'Seeing' tails help sea snakes avoid predators
New research has revealed the fascinating adaptation of some Australian sea snakes that helps protect their vulnerable paddle-shaped tails from predators.
An international study led by the University of Adelaide shows that several species of Australian sea snakes can sense light on their tail skin, prompting them to withdraw their tails under shelter. The study has also produced new insights into the evolution and genetics of this rare light sense.
The researchers found that olive sea snakes (Aipysurus laevis) and other Aipysurus species move their tail away from light. They believe this is an adaptation to keep the tail hidden from sharks and other predators.
"Sea snakes live their entire lives at sea, swimming with paddle-shaped tails and resting at times during the day under coral or rocky overhangs," says study lead author Jenna Crowe-Riddell, Ph.D. candidate in the University of Adelaide's School of Biological Sciences. "Because sea snakes have long bodies, the tail-paddle is a large distance from the head, so benefits from having a light-sense ability of its own.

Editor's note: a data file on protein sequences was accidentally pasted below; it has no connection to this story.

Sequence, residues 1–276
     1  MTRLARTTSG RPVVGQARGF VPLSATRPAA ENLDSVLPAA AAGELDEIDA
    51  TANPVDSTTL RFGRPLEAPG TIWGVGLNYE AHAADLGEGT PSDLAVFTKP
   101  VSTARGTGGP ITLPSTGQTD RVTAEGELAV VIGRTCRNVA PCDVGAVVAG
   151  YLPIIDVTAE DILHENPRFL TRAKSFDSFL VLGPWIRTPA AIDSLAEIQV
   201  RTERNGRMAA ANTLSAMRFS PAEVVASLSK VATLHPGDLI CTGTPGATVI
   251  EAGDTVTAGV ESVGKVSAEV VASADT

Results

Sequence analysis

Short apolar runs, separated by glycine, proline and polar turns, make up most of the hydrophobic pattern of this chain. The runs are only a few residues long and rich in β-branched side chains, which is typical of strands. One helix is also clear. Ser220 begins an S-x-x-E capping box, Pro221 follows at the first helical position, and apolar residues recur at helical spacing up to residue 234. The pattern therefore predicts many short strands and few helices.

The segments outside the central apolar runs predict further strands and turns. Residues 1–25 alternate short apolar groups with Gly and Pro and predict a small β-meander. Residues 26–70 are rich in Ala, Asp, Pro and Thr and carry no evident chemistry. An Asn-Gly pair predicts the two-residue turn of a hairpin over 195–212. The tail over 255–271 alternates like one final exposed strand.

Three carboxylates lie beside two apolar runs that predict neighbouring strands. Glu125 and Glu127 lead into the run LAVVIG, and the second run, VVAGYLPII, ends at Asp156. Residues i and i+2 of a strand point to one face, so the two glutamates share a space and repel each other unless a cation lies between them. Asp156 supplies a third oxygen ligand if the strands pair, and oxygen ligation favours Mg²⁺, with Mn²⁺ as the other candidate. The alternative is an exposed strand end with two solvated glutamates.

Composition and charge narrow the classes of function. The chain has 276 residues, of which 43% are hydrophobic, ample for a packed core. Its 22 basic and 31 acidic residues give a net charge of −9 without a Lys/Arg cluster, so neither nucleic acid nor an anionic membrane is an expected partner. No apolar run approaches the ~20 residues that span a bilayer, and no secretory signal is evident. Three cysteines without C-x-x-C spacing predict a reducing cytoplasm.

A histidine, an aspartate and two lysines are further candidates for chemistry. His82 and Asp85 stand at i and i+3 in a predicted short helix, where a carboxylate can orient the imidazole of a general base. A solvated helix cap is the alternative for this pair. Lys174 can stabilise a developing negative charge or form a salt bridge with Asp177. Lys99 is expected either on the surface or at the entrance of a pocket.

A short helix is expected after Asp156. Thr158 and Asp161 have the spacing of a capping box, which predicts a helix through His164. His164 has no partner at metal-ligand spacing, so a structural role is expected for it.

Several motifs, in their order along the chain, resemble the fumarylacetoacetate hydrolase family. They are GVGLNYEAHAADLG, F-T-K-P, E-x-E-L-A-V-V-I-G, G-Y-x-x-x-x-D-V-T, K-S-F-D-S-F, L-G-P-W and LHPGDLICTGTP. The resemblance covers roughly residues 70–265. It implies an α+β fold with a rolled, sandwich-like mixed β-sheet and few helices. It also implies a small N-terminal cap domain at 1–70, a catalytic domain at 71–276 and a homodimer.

"The olive sea snake was the only reptile, out of more than 10,000 reptile species, that was known to respond to light on the skin in this way."
The researchers tested for light-sensitive tails in eight species of sea snakes, but found that only three species had the light-sense ability. They concluded the unique ability probably evolved in the ancestor of just six closely related Australian species.
"There are more than 60 species of sea snake so that's less than 10% of all sea snakes," says Ms Crowe-Riddell. "We don't know why this rare sense has evolved in just a few Aipysurus species."
The researchers used RNA sequencing to see what genes are active in the skin of sea snakes. They discovered a gene for a light-sensitive protein called melanopsin, and several genes that are involved in converting light into information in the nervous system.
"Melanopsin is used in a range of genetic pathways that are linked to sensing overall light levels around us. It is even used by some animals, including humans, for regulating sleep cycles and in frogs to change their skin colour as a camouflage," says Ms Crowe-Riddell.
Lead scientist Dr. Kate Sanders, ARC Future Fellow at the University of Adelaide, says: "We've confirmed the ability of olive sea snakes to sense light in their tails and found the same ability in two other species. We've identified a shortlist of genes that are likely to be involved in detecting light. But further study will be needed to target these genes before we can really understand the genetic pathways involved in this fascinating behaviour."
Published in the journal Molecular Ecology, the study is a collaboration between the University of Adelaide, the University of Bristol, the University of Western Australia and the Natural History Museum, London.